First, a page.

HC 576 Progress towards the implementation of Universal Credit
Written evidence submitted by Dr Peter Williams, Cambridge Centre for Housing and Planning Research, University of Cambridge and Professor Steve Wilcox, Centre for Housing Policy, University of York
1. The creation of the Universal Credit system is a very large undertaking and is very complex. In this brief submission we focus upon one small aspect of the new regime, support to home owners. This group are very easily overlooked in the overall enterprise but the reality is that the changes proposed here have the potential to further exacerbate the current decline in home ownership, an outcome with far ranging consequences both for households and government. We have a number of core concerns with the proposals as currently set out. These are as set out in subsequent paragraphs.
2. The proposal to restrict the payment of SMI to those working 0 hours only (rather than 16) is extremely ill-considered. Remaining part of the work force is an important issue here and not least in terms of the ways lenders view customers in difficulty. Removing this modest incentive puts in place a cliff edge in terms of benefits –some or none and undermines the borrower’s credit standing and engagement in work. Far from progressing issues this proposal actually moves support for home owners backwards. Currently if homeowners work for less than 16 hours they are still in principle eligible for SMI; but the amount of their eligible support is removed £1 for £1 against their earnings. Under universal credit, the 16-hour rule would disappear, but however little a homeowner worked or earned it is proposed that any support for mortgage costs would automatically cease. The only help effectively provided to in-work homeowners would then come in the form of the higher earnings disregards available within universal credit for those households not receiving any help with their mortgage costs.
3. As the attached report argues the ‘unemployment trap’ built into the universal credit proposals will become far more extensive in its effects. These provisions will also create particular difficulties for those households currently in receipt of SMI that are in low-paid, part-time work. DWP estimates this as around five per cent of all those with SMI linked to JSA or income support. These provisions run completely against the stated objective of the universal credit proposals to remove barriers to households moving into part-time work, as part of a more effective approach to supporting moves into full-time work at a later stage.
4. The draft regulations ignore completely all the major issues which have been discussed extensively over the last two decades around support for home owners and go nowhere near considering any of the solutions that have been aired. What we get instead are a series of detailed and largely cost saving measures at best peripheral to improving how we support home owners in difficulty. Home ownership in the UK is falling in percentage terms. These proposals in conjunction with tightening credit standards in the mortgage market driven by the FSA’s Mortgage Market Review will ensure that decline continues. The proposals are fundamentally flawed, and will not provide sufficient support for the owners that are directly affected, for the housing market, or for the wider economy. Far more comprehensive and wide-reaching reforms are required.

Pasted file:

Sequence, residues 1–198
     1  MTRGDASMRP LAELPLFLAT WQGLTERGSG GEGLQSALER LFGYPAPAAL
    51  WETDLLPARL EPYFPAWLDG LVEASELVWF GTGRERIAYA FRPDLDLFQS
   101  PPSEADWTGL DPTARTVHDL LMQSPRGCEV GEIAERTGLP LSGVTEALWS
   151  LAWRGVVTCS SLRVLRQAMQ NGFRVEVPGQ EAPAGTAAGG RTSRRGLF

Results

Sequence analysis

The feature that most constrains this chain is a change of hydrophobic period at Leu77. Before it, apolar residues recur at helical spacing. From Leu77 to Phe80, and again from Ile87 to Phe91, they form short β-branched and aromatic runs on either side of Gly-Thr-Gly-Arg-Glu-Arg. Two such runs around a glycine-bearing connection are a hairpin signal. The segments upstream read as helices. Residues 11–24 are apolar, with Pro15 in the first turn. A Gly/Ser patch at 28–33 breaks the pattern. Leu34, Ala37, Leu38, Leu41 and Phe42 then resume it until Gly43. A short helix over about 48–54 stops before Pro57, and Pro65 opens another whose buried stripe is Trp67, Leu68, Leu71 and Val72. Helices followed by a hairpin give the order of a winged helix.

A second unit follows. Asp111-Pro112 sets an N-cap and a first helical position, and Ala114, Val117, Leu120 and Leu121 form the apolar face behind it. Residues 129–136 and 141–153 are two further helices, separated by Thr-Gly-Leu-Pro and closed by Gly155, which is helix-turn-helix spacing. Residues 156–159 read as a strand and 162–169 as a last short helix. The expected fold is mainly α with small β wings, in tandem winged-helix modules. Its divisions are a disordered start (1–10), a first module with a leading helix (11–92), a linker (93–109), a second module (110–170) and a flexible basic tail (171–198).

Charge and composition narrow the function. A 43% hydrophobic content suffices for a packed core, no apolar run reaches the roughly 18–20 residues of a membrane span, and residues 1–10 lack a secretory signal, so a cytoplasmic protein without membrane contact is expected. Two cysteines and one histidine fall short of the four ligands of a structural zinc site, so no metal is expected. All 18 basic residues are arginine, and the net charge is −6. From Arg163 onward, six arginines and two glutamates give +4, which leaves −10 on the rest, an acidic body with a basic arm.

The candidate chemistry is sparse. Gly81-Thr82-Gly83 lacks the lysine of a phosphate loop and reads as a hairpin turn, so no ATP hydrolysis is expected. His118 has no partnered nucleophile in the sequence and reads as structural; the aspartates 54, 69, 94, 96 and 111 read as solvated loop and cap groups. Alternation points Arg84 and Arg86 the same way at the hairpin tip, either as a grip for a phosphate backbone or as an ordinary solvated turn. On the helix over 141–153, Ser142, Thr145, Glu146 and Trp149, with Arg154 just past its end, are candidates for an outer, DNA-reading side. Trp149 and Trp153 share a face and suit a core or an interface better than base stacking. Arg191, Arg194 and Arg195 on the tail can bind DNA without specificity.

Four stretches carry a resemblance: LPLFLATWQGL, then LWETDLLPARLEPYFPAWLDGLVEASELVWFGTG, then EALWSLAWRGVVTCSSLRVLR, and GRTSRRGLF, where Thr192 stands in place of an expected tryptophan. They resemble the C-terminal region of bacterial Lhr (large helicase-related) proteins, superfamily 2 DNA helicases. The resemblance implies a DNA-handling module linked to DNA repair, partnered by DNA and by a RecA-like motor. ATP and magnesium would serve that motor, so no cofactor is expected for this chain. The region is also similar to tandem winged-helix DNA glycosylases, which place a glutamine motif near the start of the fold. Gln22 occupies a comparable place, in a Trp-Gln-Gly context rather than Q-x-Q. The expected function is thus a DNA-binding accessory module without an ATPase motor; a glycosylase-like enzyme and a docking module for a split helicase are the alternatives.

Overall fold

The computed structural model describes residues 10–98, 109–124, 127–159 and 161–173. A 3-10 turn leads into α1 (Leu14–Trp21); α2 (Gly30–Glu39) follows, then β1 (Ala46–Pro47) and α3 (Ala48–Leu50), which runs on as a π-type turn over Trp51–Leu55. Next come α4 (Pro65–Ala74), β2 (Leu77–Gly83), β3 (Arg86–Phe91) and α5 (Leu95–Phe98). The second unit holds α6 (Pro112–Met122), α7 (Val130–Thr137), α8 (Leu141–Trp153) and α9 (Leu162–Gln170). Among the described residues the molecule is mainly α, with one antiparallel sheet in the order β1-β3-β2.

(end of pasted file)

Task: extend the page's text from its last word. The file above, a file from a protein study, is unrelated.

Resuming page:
5. The Joseph Rowntree Foundation (JRF) is currently funding Professor Wilcox and myself to review and update proposals for a ‘Sustainable Homeownership Partnership’ (SHOP). SHOP would provide a far more effective safety net for out-of-work homeowners, with the costs shared between borrowers, lenders and government. Indeed, the introduction of universal credit provides the opportunity to extend the SHOP model so that it incorporates both in- and out-of-work means-tested assistance, again with the costs shared between the three parties. This would remove the ‘unemployment trap’ inherent in the current proposals, and permit a reconsideration of the issues of time limits and possible charges on an owner’s dwelling for longer-term claimants, in a more constructive context. There would also be advantages in more fully aligning the rules for help with housing costs across tenures within the framework of universal credit. In particular, if mortgage costs were to be eligible for assistance for homeowners in low-paid work, there would be no need to continue with the complex proposals for a ‘two-tier’ earnings disregard for tenant households.
17 August 2012